Take a bit of "Fame", throw in a number of fresh-faced ballet dancers, and you get something like "Center Stage", a film that is memorable for its choreographed dancing... and not much else. Saddled with a schmaltzy soap opera-type script and real ballet dancers with little acting experience, "Center Stage" is a barely tolerable behind-the-scenes drama that takes place in a top ballet school, and will probably garner interest (and patience) only from fans of the art form.
The story opens with Jody Sawyer (Amanda Schull) auditioning for a place in the prestigious American Ballet Academy in New York. Though her 'bad feet' are a black mark against her, her flawless good looks score some points with the director of the American Ballet Company (Peter Gallagher of "American Beauty") and she wins a prestigious place in the upcoming class.
Upon her arrival at the school, she is quickly introduced to her new circle of friends, who are the usual suspects of character archetypes that dominate the genre. Maureen (Susan May Pratt of "10 Things I Hate About You") is the best dancer in the school, yet doesn't have the heart for the craft, despite the constant pressure applied by her demanding mother (Debra Monk of "Bulworth"). Eva (Zoe Saldana) also has good ability, but her bad attitude makes it difficult for her to get along with her instructors. Sergei (Ilia Kulik, 1998 gold medal winner in Olympic figure skating) is the token foreign student, while Erik (Eion Bailey) is the token gay guy, both of them ensuring that the comic relief is covered. Charlie (Sascha Radetsky) is a good-looking dancer from Seattle who got into ballet to 'pick up chicks'. Finally, there is Cooper (Ethan Stiefel, a principal dancer with the American Ballet Theatre), an accomplished dancer and choreographer who takes a fancy to Jody.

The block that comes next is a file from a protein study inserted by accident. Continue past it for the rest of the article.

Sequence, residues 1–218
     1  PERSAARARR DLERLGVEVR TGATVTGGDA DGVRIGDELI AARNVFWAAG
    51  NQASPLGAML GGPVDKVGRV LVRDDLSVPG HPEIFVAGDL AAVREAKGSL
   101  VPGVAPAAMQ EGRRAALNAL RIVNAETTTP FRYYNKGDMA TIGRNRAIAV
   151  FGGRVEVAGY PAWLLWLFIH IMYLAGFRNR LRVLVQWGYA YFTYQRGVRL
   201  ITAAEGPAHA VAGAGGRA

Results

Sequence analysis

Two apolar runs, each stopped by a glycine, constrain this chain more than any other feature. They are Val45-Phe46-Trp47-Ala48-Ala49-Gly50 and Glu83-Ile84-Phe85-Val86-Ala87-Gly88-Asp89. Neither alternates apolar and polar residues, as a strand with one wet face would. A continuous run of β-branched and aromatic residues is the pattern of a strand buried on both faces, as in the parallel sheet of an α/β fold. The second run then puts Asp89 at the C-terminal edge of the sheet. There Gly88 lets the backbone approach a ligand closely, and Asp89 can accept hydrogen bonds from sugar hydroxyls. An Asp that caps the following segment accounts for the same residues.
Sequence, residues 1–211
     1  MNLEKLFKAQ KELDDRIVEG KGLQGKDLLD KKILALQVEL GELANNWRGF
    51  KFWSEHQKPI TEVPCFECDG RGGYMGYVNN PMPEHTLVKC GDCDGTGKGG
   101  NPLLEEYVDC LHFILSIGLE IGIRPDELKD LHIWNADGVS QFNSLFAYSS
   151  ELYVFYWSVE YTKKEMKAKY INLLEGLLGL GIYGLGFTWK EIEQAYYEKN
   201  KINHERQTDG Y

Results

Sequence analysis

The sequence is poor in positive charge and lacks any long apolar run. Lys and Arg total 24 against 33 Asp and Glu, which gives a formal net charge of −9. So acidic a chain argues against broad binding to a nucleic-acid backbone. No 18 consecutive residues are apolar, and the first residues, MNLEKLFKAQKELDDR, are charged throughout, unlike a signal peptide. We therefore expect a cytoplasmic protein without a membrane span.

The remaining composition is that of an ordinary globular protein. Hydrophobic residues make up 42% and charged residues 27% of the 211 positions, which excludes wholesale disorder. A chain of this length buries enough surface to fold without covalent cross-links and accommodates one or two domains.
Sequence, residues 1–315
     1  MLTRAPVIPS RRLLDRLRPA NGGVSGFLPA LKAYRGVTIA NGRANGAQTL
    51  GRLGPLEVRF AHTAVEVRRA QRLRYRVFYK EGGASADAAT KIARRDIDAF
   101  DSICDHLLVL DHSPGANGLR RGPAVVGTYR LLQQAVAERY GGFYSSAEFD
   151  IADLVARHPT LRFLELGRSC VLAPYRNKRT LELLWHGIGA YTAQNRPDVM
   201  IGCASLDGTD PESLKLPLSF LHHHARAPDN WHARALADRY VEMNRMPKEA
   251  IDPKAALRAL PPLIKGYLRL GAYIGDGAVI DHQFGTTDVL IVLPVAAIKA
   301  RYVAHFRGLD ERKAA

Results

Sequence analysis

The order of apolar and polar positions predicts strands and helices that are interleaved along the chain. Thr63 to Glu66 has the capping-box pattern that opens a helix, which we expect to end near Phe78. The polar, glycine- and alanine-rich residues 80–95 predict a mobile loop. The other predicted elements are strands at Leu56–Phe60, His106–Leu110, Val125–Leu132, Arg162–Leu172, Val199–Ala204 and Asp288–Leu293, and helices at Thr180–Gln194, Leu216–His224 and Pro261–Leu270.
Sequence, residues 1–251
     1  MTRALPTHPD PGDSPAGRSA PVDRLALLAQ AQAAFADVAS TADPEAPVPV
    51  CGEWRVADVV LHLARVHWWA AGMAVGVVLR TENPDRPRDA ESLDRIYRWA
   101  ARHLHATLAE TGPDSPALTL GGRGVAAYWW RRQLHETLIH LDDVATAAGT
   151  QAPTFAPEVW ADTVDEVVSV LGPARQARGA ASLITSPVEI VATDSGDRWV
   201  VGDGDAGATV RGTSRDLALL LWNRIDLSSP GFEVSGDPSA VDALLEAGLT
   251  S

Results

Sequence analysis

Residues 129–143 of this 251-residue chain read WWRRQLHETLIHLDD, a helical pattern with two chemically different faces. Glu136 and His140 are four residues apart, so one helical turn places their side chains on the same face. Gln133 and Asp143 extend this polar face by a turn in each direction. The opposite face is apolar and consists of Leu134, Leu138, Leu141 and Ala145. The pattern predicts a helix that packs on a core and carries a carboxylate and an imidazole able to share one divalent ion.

The story then quickly drives home the point that ballet is hard work, as the chief instructor Juliette (Donna Murphy of "Star Trek: Insurrection"), a former ballerina, pushes her students through a grueling program. Of course, to keep things interesting for the teen demographic, it's not all work and no play. As the story progresses, we are treated to scenes of the characters bonding through raucous horseplay, or tearing up the dance floor at a local Latin hotspot. Jody, in addition to having serious doubts about her own abilities, finds herself torn between her infatuation with Cooper and a budding friendship with Charlie. And if that isn't enough melodrama, the unrelenting pressure to excel drives Maureen into a bulimic frenzy, while Eva's bad attitude causes her to butt heads with everyone. You can pretty well predict what happens from here-- there are few surprises offered in the film's final act, as every narrative move is telegraphed from afar.
About the only interesting aspect of "Center Stage" is the dancing, since director Nicholas Hytner ("The Object of My Affection") cast real ballet dancers into the majority of the roles. If you are an aficionado of ballet, then you'll find the film's numerous dance sequences of interest (which tended to run on the long side). Two of the film's highlight pieces come at the film's conclusion, when a momentous performance is put on before a packed house-- a traditional ballet, and an odd Broadway musical/ballet hybrid that mirrors the events in the film. Not being an avid follower of the art form, I cannot speak to the quality of the ballet itself, but the audience members around me seemed quite amazed.
Unfortunately, the casting decisions are also the film's weakness. The acting is barely adequate in this film, with some of the worst offenders being Radetsky, who maintains the same stilted line delivery throughout, and Saldana, whose chip-on-the-shoulder bearing becomes a little overbearing at times. Coupled with some truly banal dialogue and the hokey situations that the characters are placed into, the end result is as credible and palatable as your average daytime soap.
There is little to recommend "Center Stage" on, other than the ballet sequences, which I'm sure would appease any ballet nut. Unfortunately, the "90210" trappings of the story, along with the amateur performances, quickly overwhelm whatever good intentions there were. Even fans of ballet might want to skip this one, since their money would be better spent towards a night of real ballet, thereby avoiding all the melodramatic drivel.